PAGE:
Thursday, August 25, 2011

Word Barf is Good for the Soul

It’s near to midnight, and I’m watching my family as they putter to and fro, getting ready for a camping trip. I decided last minute not to join them, in order to see some friends for the last time before they jet-set off into their new adult lives.

And I guess it’s made me think about my ‘adult life’, or whatever this is I’m living. Or where I want to be, I suppose.

Like I’ve said before, for the moment, I’m quite content to be working this secretarial job. It pays well, and so far it hasn’t given me the “oh Christ I hate my job” sort of feeling I was expecting. They’re pleasant people, they make me laugh, and again, it pays well for such relatively light work.

My plan, I guess, is to work here as long as possible, and spend as little as possible. I’m lucky in that my parents are happy to house me and feed me as long as I can stand living with them, as their graciousness comes with the guilt trips and restrictions that we associate with high school. It’s a matter of balancing. What is a little guilt trip when I’m not paying rent?

So the saving money bit is going to involve making a conscious effort to not spend all my money. Which, let’s face it, is going to be an effort. I mean, there are at least 4 video games I want, on at least 3 systems, not to mention clothes, and shoes, and other nerdy things I can’t even mention, and you get the idea.

Maliciously, I have calculated that if I work from say, August 2011 to August 2012, and adjusting for possible schedule changes, I could make anywhere from $12k to $18k. And again, I’m not paying rent. I DO plan on helping to pay for my insurance or phone or what have you, because I hate feeling like a brat, and I don’t want to get in the habit of taking things for granted, like plenty of people in my life have.

And I mean, even if I only saved $10,000, with that I could move and get a new job somewhere else. Or fly to Scotland. Or Japan. Or wherever the heck I want.

I want to keep traveling. It was so much fun. And once you leave and come back, it’s never the same. Home isn’t home anymore, it’s just that house you live in. And I love my family, but I learned that I can live in a place separate from them and be okay. I loved Scotland. I’m dying to go back. I loved Ireland, I want to see it again too. But I haven’t been to Japan, or Greece, or Italy, and I want to see so many places.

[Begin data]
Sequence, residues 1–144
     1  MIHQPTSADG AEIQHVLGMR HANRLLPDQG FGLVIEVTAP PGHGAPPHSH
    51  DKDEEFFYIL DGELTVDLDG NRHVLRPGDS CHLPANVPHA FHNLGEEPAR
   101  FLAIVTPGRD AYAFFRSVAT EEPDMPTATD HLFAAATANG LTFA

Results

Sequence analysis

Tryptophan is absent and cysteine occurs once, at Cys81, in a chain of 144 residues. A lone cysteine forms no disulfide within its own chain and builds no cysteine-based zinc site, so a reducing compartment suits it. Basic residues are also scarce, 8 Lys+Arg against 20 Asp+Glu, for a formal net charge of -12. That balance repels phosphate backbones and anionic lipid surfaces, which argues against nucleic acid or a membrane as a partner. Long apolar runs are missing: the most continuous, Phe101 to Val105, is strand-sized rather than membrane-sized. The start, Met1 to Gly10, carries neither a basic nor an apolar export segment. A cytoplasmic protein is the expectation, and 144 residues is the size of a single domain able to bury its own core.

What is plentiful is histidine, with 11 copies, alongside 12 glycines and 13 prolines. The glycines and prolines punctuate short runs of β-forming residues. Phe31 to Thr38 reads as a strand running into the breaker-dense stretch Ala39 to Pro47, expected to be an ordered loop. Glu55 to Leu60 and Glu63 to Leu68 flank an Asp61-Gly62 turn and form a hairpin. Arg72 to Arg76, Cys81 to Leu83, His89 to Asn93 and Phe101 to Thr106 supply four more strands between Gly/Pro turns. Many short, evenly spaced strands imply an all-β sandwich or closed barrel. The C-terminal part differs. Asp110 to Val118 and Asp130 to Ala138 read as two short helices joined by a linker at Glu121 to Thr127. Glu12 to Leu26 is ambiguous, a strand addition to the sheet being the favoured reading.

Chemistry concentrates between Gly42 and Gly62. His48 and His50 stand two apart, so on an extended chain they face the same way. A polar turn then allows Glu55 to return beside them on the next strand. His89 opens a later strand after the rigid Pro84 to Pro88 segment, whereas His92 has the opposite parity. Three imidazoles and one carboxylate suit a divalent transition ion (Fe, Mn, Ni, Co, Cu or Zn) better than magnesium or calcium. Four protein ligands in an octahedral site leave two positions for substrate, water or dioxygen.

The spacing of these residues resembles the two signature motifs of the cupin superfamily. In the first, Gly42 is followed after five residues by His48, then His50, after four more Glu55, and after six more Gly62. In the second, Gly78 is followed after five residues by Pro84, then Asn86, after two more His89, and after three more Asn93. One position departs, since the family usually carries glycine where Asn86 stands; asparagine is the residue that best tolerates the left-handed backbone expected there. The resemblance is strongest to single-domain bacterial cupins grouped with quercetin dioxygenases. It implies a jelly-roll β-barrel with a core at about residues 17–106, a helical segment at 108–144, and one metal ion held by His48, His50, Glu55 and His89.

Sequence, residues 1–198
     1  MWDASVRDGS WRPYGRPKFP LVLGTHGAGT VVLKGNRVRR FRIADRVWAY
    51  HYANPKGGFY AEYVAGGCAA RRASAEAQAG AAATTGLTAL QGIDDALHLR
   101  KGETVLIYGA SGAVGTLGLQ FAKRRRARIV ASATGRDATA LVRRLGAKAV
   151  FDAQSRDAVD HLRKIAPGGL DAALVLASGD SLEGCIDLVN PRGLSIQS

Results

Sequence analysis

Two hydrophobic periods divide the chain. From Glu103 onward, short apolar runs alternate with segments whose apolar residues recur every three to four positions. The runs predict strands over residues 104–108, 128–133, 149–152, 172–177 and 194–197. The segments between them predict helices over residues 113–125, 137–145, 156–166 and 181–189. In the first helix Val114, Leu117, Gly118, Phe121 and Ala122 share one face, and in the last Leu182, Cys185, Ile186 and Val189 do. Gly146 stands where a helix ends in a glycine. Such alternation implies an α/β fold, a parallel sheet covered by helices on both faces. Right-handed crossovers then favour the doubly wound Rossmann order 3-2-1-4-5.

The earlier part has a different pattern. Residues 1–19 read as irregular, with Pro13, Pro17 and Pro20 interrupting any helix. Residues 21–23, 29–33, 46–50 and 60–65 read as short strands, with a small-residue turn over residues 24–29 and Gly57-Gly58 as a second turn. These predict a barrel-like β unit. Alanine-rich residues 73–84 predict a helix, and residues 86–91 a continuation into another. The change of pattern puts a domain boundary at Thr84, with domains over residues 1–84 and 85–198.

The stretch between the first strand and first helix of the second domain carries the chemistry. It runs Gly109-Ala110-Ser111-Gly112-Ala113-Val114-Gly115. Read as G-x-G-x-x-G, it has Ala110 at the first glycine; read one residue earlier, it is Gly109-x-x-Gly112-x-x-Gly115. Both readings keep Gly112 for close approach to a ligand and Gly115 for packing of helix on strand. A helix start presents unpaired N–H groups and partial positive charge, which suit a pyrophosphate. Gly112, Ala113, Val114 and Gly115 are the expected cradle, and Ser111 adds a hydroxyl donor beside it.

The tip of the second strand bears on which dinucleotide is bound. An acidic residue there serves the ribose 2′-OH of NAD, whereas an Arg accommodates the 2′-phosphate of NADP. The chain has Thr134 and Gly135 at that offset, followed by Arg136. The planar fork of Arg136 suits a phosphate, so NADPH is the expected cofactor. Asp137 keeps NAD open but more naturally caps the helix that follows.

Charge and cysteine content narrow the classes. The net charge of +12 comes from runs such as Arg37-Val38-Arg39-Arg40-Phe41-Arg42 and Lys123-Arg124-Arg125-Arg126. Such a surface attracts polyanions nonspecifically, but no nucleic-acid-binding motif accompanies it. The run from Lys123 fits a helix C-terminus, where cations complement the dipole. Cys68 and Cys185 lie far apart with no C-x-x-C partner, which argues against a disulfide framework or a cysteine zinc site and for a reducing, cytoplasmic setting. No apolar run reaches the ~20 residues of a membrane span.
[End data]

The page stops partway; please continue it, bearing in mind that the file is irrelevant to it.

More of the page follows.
I think the hard part is figuring out how, and when. I never want it to be too late for me to do something. I want to make the best of the time that I have. Whether that’s traveling, failing, or loving - I want to do it all, and never regret.

I don’t want to put restrictions on myself. My mother says get a good job, settle down, get married, make babies. My father says get out, experience the world, get married in thirty years when he’s dead and I’ve accomplished everything I want to do.

But what if I want to have fun now, get married, and have fun with my spouse? No one ever suggests that option. No one ever brings up the valid point that if I can work for a year and save up money and then go on an epic adventure, it would work even better if I had a partner.

Part of me wants babies. Part of me wants to be domestic. But another part of me wants to get married on a volcano in Hawaii, or in Vegas, or elope to Italy. We could move to France, move to Canada, move to Japan. Wherever we want to go. Because traveling is so much more fun when you aren’t alone.

Right now? I want to roadtrip across America until someplace looks good enough to stop for a while. I want that freedom. To say sure, this place in Oklahoma looks cool, let’s live here for a few months, and move again on a whim.

And then one day, we’ll tire of that life, and finally settle down somewhere awesome. Somewhere peaceful. Or exciting, I haven’t decided. I want trees, and sunshine, and weather that actually consists of seasons. (California, what the hell, why don’t you have any seasons?)

Possibly the worst thing is that for once, I know exactly what I want, right now, and it’s a thousand dollars and a thousand miles away.


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